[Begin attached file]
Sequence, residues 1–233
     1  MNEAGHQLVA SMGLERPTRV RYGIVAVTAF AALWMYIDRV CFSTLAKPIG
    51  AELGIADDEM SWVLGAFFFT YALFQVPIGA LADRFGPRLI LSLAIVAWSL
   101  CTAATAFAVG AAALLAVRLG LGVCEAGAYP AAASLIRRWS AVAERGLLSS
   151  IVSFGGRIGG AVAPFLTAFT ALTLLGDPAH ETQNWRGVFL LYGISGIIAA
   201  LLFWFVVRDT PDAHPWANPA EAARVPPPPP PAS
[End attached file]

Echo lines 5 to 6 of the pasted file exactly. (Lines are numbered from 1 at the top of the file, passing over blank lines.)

   151  IVSFGGRIGG AVAPFLTAFT ALTLLGDPAH ETQNWRGVFL LYGISGIIAA
   201  LLFWFVVRDT PDAHPWANPA EAARVPPPPP PAS